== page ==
According to Hegel, since it transforms mere stone or wood into the human figure, sculpture constitutes the proper centre of classical art and is at best complemented by poetry. What has happened that enables Arthur Danto to suggest that sculpture is postmodernism’s privileged form? This stunning special issue provides answers and provokes new questions for literary and critical theory. The issue, rich in images, includes essays on the work of Marilène Oliver, Kitahara Hakushū and Suda Yoshihiro, Doris Salcedo, Antony Gormley, Sylvia Wynter and Willie Bester, Anna King and Valerie Gillies, Constantin Brancusi, and Patricia Cronin.
Read the issue introduction
12 essays, totalling 224 pages
Among Other Things; or, Sculpture Beyond Identity
This essay considers the status of the image, questions of corporeality, and the ethical dimension of aesthetic practice in the work of the contemporary sculptural artist Marilène Oliver. Drawing on Blanchot’s discussions of the image, Nancy’s analysis of the body, and Levinas’s sense of “escape,” the essay suggests that Oliver’s sculptures expose and challenge contemporary tensions between ethical and bio-political modes of existence.
The Weed Chiseling Space: Between Kitahara Hakushū and Suda Yoshihiro
The image of a weed becomes a hinge between two unimaginably disparate artistic spaces: Kitahara Hakushū’s poetic interiority and Suda Yoshihiro’s art installations. Such intersection of “modern” poetry and “postmodern” art is (de)conceptualized through Suda’s technique of carving weeds out of wood, thus re-sculpturing the perceptual space of the modern.
Antony Gormley’s sculptures do not depict bodies in narrative positions and rhetorical gestures. Instead, they present the inner space of the body and induce in the viewer both an awareness of the inner space of the works and an awareness of the inner space of his or her own body.
Brancusi’s Gate and the Kiss of Life
Brancusi’s 1938 Gate of the Kiss, initially designed during or shortly after World War I, revolutionized the design of war memorials. Its human scale, overall simplicity, and symbolic imagery are designed to put an end to the tradition of triumphal arches and, by extension, wars and their destructiveness.
Close Closer Closest: Re-envisioning Sculpture and Poetry through Craft
This essay examines fibre artist Anna King and poet Valerie Gillies’s joint 2007–2008 Edinburgh exhibition Close Closer Closest. The piece crosses the “high” arts of sculpture and poetry with the feminized art of craft in order to remake Scottish history, and, in the process, reveals the power of boundary-crossing collaborations.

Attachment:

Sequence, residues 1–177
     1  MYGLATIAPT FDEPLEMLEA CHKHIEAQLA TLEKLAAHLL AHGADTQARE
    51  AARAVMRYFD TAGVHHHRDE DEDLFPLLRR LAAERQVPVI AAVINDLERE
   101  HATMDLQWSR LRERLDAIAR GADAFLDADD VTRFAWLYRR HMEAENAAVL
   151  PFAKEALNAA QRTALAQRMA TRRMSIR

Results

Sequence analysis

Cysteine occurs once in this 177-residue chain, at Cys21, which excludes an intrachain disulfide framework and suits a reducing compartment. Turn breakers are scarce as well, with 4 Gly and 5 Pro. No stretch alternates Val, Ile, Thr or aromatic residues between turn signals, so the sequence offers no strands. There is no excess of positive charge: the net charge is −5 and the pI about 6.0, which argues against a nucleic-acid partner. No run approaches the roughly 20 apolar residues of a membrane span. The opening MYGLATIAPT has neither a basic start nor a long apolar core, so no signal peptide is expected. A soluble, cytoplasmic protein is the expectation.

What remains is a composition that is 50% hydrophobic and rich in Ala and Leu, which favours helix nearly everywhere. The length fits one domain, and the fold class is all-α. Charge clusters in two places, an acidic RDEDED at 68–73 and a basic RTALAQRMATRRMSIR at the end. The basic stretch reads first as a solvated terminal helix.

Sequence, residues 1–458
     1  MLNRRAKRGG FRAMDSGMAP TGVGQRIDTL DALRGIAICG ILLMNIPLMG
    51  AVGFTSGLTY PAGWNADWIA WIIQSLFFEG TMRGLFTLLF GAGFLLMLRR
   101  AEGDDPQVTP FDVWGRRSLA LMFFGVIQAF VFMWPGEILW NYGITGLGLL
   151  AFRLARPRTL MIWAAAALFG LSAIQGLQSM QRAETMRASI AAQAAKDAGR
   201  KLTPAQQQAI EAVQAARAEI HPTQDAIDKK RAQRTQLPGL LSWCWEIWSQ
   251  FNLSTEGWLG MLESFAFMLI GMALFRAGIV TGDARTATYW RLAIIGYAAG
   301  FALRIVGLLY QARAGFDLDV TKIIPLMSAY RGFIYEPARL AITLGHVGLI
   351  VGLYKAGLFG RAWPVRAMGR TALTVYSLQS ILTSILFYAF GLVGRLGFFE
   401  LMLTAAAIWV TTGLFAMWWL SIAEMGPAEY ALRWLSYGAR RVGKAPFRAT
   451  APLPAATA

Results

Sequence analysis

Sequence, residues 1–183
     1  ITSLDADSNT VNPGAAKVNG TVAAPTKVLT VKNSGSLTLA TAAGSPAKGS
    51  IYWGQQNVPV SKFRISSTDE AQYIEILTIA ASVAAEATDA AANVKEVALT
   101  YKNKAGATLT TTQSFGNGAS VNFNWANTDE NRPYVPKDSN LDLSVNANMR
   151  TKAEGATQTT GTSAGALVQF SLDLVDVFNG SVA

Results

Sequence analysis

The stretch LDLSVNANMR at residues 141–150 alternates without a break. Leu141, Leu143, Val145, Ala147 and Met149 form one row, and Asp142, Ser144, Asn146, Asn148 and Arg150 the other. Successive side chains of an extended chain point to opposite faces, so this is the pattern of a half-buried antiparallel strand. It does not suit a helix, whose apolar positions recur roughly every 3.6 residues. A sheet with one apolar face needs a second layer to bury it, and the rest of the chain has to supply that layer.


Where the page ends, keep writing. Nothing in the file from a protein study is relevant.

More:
Parody as Political Tool in Patricia Cronin’s Memorial to a Marriage
Keri W. Watson
This essay approaches Patricia Cronin’s monumental funerary sculpture, Memorial to a Marriage, as a politicized piece that employs parody to disrupt the conservative memorial tradition while simultaneously opposing the ban on same-sex marriage and the subsequent marginalization of the lesbian, gay, bisexual, and transgender communities.
“Troubled Materiality”: The Installations of Doris Salcedo
Laura Garcia Moreno
In her early installations, contemporary Colombian sculptor Doris Salcedo re-signifies damaged domestic objects in ways that trigger processes of memory and mourning. They thus acquire the potential to perform profanatory acts, which Giorgio Agamben understands as a way of returning things to human use and potentiality in our time.
Science Quarrels Sculpture: The Politics of Reading Sarah Baartman
This essay reviews theoretical analyses of Sarah Baartman, a key figure in scholarly studies of biological determinism and gender difference. Positioning the insights of Sylvia Wynter alongside the sculpture Sarah Baartman by Willie Bester, a creative and politicized engagement with scientific knowledge is explored.
Parque dos Poetas/Poets’ Park: The Interplay of Stone and Words in Public Sculpture
Albert Braz, with photographs by Jonathan Braz
This essay examines the interplay of stone and words in Parque dos Poetas, or Poets’ Park, a Portuguese sculpture garden devoted to twentieth-century poets. It focuses particularly on the aesthetic and social functions of public art and on the relation between artist and work.
The Artist as Collector: Blair Brennan and Viewer-Constructed Meaning
Objects retain, through indexical traces, resonances of their former lives, and it is these resonances that are the foundation of artist Blair Brennan’s practice. Guided by how Brennan, and other Canadian artists engaging with collections, then choose to display their collected objects, this essay considers how the spaces between those objects invite a multiplicity of potential readings and viewer-created narratives.
An Ideal Solution: Sculptural Politics, Canada’s Vimy Memorial, and the Rhetoric of Nationalism
Walter Allward’s Vimy memorial marks a moment in the development of Canadian nationalism when the losses of World War I reinforced what had already become an established tradition in our cultural discourse: the definition of the nation in terms of idealized abstraction. The sacred space defined by the memorial suited the aims of both artist and public, who preferred an eclectic mixture of traditional motifs to a modernist meditation on the fact of mass death.
Creating Ruins: Image and Object in Making Unwearable Clothing
Exploring the making of a series of Unwearable textile sculptures as a work of mourning and reclamation, this essay links personal text and theory—interweaving aspects of domestic photography, fashion theory, cultural studies, and literary deconstruction—in describing the works’ search for form, from photography to sculpture and back again.